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Album Review: Dark Night of the Soul
Philip Wesley
Cover image of the album Dark Night of the Soul by Philip Wesley
Dark Night of the Soul
Philip Wesley
2008 / Autumn Music
70 minutes
Review by Michael Debbage
Back in 2002 Philip Wesley released his very impressive debut Finding Solace and has since recorded two other fine albums to add to an already impressive discography. His fourth release Dark Night Of The Soul only adds credence to his recording portfolio. Replacing his lighthearted melodies with more complex arrangements, they require a little more patience and endurance before the melodies find a place in your heart.

Keeping the theme in mind, “Lamentations Of The Heart” originally heard on Wesley’s debut album finds a repeat visit on Dark Night of the Soul. Otherwise the album has a total of eleven new recorded songs composed, arranged and performed by Wesley. However, Wesley uses the engineering services of Michael Dulin, well known for his own excellent sound recordings and it pays significant dividends smoothing out the sound of Wesley’s performances.

Otherwise, the album is pure piano performances of Wesley who delivers immediately with the demanding “Tears Of The East”. Combining Middle Eastern themes interlinked with a sweet chorus the composition has several movements creating a very progressive feel to the composition. The challenging themes continue with the very fast pace of “Racing Against The Sunset” that demands perfect execution. Needless to say Wesley is in top of his game and delivers like we have never heard before.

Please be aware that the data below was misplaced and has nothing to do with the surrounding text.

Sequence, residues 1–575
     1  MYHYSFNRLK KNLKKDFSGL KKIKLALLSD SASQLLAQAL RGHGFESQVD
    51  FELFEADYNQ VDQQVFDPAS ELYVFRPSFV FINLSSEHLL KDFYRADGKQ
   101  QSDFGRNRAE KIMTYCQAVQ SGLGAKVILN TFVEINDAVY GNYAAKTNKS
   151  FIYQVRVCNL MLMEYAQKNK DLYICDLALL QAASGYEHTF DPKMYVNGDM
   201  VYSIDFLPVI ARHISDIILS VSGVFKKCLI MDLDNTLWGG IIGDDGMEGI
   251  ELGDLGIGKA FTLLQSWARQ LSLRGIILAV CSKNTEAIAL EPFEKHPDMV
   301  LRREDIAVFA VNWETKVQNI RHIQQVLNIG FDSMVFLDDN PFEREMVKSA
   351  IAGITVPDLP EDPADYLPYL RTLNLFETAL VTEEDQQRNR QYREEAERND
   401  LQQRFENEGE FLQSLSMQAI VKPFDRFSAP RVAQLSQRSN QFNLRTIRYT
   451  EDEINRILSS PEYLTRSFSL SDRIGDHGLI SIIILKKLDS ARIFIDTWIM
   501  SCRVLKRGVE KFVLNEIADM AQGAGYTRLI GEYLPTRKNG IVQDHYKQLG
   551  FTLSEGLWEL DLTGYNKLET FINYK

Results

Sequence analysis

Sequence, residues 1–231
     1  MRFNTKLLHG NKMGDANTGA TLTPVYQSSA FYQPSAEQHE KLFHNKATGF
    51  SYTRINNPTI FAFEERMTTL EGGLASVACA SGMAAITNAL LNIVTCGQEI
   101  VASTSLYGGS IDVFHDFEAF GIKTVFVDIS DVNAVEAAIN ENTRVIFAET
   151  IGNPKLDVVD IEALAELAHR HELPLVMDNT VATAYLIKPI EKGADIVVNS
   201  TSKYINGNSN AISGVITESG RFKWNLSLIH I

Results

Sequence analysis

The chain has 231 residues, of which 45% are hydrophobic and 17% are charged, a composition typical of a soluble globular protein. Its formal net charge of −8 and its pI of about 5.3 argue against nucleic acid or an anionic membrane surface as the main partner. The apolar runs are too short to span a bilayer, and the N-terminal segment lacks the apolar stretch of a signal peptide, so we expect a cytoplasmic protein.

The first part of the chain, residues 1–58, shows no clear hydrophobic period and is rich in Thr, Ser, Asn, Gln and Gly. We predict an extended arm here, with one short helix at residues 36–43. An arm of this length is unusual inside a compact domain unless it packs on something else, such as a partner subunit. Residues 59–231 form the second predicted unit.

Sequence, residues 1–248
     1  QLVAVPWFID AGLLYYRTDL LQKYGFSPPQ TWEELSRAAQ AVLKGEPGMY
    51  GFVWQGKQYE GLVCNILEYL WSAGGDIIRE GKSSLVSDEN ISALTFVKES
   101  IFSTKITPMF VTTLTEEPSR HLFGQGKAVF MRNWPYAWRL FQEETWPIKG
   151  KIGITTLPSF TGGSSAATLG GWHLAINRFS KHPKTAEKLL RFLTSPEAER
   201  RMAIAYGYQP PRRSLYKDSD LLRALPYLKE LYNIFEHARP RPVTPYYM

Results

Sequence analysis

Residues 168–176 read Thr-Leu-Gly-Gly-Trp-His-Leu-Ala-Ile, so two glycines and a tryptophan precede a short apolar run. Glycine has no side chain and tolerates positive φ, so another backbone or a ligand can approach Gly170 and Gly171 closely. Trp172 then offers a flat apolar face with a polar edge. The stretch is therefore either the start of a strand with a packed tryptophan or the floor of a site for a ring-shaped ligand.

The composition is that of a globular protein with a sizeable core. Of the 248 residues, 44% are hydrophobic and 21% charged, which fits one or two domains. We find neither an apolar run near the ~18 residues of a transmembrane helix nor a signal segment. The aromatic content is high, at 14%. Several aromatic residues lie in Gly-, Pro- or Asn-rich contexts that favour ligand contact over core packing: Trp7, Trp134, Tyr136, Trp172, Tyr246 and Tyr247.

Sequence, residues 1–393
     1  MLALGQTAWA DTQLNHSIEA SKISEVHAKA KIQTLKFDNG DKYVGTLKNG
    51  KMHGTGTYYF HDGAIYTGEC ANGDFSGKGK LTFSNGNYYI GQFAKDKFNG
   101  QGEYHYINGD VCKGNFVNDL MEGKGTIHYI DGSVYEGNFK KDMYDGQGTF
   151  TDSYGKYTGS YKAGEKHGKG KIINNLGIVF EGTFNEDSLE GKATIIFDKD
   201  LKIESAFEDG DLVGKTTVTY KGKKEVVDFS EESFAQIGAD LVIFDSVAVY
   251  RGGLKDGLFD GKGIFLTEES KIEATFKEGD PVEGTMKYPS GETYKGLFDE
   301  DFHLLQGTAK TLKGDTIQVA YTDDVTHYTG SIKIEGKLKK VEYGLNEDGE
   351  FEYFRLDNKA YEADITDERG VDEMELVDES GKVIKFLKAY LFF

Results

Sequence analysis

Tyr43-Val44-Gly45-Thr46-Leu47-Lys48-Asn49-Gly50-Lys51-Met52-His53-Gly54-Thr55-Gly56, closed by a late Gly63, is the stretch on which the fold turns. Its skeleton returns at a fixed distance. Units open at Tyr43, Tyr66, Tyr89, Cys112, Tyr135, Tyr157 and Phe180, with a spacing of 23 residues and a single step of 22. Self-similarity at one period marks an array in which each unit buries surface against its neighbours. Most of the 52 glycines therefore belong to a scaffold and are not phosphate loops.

Wisely, Wesley slows down the pace with the somber reflections of “The Approaching Night” that clocks in close to seven minutes. In fact, eight of the twelve tracks are given over five minutes to flower and breathe, the longest being “Far And Away” which is designated over nine minutes of playing time. Much like the title track it takes a while to get to the chorus but the build up is worth its weight in gold. In the past, comparisons with David Lanz have been unavoidable, but it here that we see Wesley borrowing more from the great improviser Michael Jones. However, he teases us with just enough structure to keep the performance warm. Speaking of warmth, Wesley winds down the album with the instant gratification of the shorter and hopeful “New Day” then brings the album to conclusion with the sparse yet poignant “Two Souls”.

Wesley quotes from the Scriptures on more than one occasion in his liner notes. Following this trend, Isaiah 40:26 states to “Lift your eyes and look to the heavens: Who created all these”? The darkest of nights always increases the odds of us seeing and being reminded of God’s handiwork. Much like the more somber tone of Dark Night of the Soul, Wesley’s lamentations are filled with hidden hope reminding us that the Creator is always in control, even in the darkest of times.
August 1, 2008
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